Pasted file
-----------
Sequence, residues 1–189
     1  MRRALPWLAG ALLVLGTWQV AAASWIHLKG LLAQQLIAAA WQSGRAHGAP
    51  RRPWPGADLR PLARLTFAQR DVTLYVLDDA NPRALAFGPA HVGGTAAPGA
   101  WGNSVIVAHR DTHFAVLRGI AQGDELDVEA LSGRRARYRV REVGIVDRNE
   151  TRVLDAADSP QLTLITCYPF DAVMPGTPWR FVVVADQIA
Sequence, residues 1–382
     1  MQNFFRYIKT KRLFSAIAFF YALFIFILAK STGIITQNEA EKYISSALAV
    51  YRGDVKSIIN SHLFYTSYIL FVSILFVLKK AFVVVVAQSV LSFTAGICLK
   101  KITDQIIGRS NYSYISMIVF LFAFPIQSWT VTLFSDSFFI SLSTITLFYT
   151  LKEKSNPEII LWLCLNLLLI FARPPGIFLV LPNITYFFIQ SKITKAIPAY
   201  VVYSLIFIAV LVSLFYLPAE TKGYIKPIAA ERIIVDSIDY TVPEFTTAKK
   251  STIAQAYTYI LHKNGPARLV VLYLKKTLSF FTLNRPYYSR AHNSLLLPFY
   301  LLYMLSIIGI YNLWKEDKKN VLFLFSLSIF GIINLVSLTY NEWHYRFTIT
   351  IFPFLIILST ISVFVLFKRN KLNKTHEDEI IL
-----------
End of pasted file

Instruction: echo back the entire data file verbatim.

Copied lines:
Sequence, residues 1–189
     1  MRRALPWLAG ALLVLGTWQV AAASWIHLKG LLAQQLIAAA WQSGRAHGAP
    51  RRPWPGADLR PLARLTFAQR DVTLYVLDDA NPRALAFGPA HVGGTAAPGA
   101  WGNSVIVAHR DTHFAVLRGI AQGDELDVEA LSGRRARYRV REVGIVDRNE
   151  TRVLDAADSP QLTLITCYPF DAVMPGTPWR FVVVADQIA
Sequence, residues 1–382
     1  MQNFFRYIKT KRLFSAIAFF YALFIFILAK STGIITQNEA EKYISSALAV
    51  YRGDVKSIIN SHLFYTSYIL FVSILFVLKK AFVVVVAQSV LSFTAGICLK
   101  KITDQIIGRS NYSYISMIVF LFAFPIQSWT VTLFSDSFFI SLSTITLFYT
   151  LKEKSNPEII LWLCLNLLLI FARPPGIFLV LPNITYFFIQ SKITKAIPAY
   201  VVYSLIFIAV LVSLFYLPAE TKGYIKPIAA ERIIVDSIDY TVPEFTTAKK
   251  STIAQAYTYI LHKNGPARLV VLYLKKTLSF FTLNRPYYSR AHNSLLLPFY
   301  LLYMLSIIGI YNLWKEDKKN VLFLFSLSIF GIINLVSLTY NEWHYRFTIT
   351  IFPFLIILST ISVFVLFKRN KLNKTHEDEI IL